Check out this ignition coil on Amazon.

Ignition control module

In general, an ignition control module is a circuit board that controls the timing of sparks in an engine's ignition system. It is responsible for controlling the flow of electricity to the ignition coil to generate a high-voltage pulse to fire the spark plug.

A defective ignition module can cause the ignition timing to be too early or too late. This can result in the snowblower engine running rough or misfiring

Check out this ignition control module on Amazon.

Contact breaker

A contact breaker is another device that controls the timing of the sparks of the engine's spark plugs. Contact breakers are designed to turn on only at the precise moment when the air/fuel mixture is in the state of compression.

Contact breakers are typically adjustable to allow the timing of the spark to be adjusted to meet the requirements of the engine. 

A bad contact breaker will give you the same exact symptoms as a bad ignition control module. This is because the two work hand in hand to control the timing of the spark. 

Condenser

The main purpose of a condenser in an ignition system is to slow down the degradation of contact breaker points. It also improves the quality of the sparks produced by the spark plugs by making them crispier.

We've already discussed above how a contact breaker works, so we should be able to see the importance of a good condenser in an ignition system.

Homeowner clearing the garden with a snow blower

Again, you might also have the same recurring symptoms as those with a bad contact breaker and a bad ignition control module. Always check these three components whenever your snowblower engine is hard starting or sputtering.

Secondary components of the ignition system 

Other components that you might want to check when your Cub Cadet snowblower is not starting are the following:

  • Throttle slider
  • Primer bulb
  • Choke knob
  • Pull cord

Perform a thorough ocular inspection to ensure that all of these components are in good working order. If any of them are found to be faulty, you will need to replace them. 

4. Clogged carburetor

Carburetors are responsible for controlling fuel flow to the engine. It mixes fuel with air to create an explosive mixture that is then ignited by the spark plug to start the combustion process and make the engine run.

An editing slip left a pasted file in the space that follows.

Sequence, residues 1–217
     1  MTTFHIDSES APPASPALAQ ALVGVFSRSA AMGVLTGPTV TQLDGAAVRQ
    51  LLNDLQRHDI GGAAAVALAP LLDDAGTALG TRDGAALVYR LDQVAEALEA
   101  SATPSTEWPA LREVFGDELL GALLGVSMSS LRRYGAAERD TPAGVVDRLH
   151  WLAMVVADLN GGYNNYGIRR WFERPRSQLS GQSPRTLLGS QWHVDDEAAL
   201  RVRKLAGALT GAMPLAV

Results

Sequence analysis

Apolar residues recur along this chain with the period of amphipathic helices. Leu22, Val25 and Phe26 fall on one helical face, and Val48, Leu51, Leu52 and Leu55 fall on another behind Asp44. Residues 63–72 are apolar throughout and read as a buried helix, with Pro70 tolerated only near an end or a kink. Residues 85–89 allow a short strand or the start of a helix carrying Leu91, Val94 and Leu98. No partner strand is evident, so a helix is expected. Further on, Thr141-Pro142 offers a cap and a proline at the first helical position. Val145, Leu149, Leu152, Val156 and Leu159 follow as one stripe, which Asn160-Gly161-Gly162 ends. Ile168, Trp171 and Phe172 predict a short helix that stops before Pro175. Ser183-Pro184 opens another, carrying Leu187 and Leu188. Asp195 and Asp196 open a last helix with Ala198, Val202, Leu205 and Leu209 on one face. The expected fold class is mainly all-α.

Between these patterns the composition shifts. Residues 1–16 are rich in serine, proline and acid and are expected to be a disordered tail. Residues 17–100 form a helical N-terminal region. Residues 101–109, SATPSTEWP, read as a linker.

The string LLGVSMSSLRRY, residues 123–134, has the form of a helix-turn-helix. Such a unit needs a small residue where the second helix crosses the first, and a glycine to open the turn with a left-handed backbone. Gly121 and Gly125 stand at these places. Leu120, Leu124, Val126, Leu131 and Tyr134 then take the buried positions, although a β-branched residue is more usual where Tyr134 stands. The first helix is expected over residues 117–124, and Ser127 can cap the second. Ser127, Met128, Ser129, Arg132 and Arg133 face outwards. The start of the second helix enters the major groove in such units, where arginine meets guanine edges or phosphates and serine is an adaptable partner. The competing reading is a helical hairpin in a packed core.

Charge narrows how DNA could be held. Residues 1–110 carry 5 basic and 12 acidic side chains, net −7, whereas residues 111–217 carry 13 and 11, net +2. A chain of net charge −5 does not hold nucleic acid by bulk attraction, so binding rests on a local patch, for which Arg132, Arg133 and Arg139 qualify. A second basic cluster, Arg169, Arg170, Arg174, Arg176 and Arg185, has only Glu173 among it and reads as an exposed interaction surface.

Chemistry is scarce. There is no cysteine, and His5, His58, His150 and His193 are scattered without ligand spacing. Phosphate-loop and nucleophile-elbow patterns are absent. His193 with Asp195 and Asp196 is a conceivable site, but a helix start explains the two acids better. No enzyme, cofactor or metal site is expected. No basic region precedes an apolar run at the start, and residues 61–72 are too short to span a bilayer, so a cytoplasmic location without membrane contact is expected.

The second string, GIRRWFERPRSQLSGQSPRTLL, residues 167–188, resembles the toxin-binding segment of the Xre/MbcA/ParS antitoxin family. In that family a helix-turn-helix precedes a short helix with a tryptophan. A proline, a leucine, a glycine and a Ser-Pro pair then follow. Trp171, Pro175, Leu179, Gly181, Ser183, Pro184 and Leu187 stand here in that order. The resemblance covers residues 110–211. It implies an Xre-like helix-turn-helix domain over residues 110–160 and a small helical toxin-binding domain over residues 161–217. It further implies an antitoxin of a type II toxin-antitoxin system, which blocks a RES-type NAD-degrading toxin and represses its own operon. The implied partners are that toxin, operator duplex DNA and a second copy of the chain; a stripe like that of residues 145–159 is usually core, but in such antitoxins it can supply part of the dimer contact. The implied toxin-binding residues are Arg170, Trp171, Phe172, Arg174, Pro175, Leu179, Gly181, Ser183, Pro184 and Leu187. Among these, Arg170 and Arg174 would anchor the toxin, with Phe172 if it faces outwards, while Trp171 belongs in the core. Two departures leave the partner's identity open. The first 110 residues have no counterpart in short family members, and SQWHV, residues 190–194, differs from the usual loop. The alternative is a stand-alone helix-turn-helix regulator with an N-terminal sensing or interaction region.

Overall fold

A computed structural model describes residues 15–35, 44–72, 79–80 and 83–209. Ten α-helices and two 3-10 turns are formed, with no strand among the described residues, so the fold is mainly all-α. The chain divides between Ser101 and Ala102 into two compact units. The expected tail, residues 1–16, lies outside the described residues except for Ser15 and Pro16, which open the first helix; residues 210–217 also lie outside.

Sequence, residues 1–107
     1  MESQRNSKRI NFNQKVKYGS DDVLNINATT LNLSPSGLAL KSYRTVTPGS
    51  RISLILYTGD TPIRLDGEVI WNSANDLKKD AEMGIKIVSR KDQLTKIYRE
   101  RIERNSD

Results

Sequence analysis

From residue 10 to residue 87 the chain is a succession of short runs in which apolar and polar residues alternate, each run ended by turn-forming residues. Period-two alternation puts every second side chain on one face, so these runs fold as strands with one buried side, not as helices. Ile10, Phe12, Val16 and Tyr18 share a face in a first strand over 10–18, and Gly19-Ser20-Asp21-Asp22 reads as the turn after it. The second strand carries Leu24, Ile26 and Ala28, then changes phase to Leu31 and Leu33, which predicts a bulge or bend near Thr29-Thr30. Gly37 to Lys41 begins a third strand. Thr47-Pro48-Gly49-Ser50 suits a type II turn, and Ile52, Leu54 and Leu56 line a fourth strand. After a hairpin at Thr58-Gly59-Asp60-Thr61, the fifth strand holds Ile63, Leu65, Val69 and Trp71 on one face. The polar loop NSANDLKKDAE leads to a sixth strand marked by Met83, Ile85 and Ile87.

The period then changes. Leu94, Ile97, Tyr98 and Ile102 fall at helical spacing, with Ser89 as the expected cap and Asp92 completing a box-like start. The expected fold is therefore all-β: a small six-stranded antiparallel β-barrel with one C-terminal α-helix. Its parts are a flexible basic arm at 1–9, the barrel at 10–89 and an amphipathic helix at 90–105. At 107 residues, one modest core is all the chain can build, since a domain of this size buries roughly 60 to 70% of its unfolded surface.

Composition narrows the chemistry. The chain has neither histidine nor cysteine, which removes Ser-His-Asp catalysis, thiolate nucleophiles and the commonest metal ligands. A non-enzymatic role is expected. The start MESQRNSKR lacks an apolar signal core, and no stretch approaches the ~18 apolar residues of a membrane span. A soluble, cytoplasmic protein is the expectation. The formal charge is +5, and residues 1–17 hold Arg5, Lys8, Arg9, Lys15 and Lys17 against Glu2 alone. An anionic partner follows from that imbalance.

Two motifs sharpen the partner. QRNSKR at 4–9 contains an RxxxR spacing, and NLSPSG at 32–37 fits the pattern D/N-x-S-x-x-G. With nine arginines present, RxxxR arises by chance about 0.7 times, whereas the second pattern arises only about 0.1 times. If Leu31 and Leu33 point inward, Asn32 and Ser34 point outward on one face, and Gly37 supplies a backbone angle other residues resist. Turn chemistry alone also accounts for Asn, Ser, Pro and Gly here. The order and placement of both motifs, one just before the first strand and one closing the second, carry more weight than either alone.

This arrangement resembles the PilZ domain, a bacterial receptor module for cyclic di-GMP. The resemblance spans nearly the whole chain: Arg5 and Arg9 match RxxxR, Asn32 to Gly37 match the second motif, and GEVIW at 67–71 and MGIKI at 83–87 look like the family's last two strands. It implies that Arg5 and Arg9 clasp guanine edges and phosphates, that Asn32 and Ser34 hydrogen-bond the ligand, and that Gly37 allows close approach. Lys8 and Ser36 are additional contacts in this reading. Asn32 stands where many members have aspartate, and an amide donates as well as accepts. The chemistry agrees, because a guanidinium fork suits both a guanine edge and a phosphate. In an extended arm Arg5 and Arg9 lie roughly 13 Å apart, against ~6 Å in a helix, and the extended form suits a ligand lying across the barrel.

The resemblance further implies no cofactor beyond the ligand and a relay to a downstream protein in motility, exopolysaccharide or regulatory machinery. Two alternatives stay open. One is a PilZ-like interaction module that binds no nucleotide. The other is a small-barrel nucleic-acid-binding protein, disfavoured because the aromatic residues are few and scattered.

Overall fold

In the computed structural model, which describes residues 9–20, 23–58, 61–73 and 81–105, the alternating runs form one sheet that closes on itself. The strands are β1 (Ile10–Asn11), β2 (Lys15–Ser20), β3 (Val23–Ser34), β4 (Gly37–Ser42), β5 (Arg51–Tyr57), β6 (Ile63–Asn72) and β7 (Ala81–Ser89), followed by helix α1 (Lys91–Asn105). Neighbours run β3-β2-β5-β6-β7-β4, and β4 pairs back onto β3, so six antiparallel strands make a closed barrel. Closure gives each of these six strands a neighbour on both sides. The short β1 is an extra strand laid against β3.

If the carburetor is clogged, the fuel flow is restricted and the engine may struggle to start or may not start at all. You can clean a clogged carburetor with a carb cleaner.

If you want to clean the carburetor yourself, then the video below will show you how to remove a Cub Cadet carburetor.

Check out this carb cleaner on Amazon.

Proper Care and Maintenance of Cub Cadet Snowblowers

Snowblowers are heavy, bulky machines that are only used a few times per year. Since you don't use this machine that often, it's easy to forget about it and the fact that it has moving parts that need to be lubricated to prevent corrosion. 

Man using a snow blower to clear his driveway

The good news is that the maintenance required for these machines is not overly complex. Here are some tips on how to take proper care of your Cub Cadet snowblower: 

  • Change engine oil after the first five hours of use.
  • Clean the exhaust area and check your engine oil levels after every five hours of use. You may lose a small amount of engine oil since it is circulated and burned by the engine, and this is normal. 
  • Inspect the spark plug and lubricate the gear shifter after 25 hours of use (seasonal).
  • Change engine oil after 50 hours of use (seasonal).
  • Replace the spark plug after 100 hours of use (seasonal).

Man using a snow blower to clear the driveway

In Closing

As we all know, snow removal is a huge hassle and it usually requires you to invest quite a bit of time and effort. However, snowblowers can help reduce the amount of time and effort that you need to spend when clearing the roads.

If you've ever used a lawn mower before, then there's no reason for you not to be able to use a snowblower as well. Now you know more about how to get the most from your cub cadet snowblower!

If you found this article helpful, you might also like:

Can I Shovel Snow Into The Street?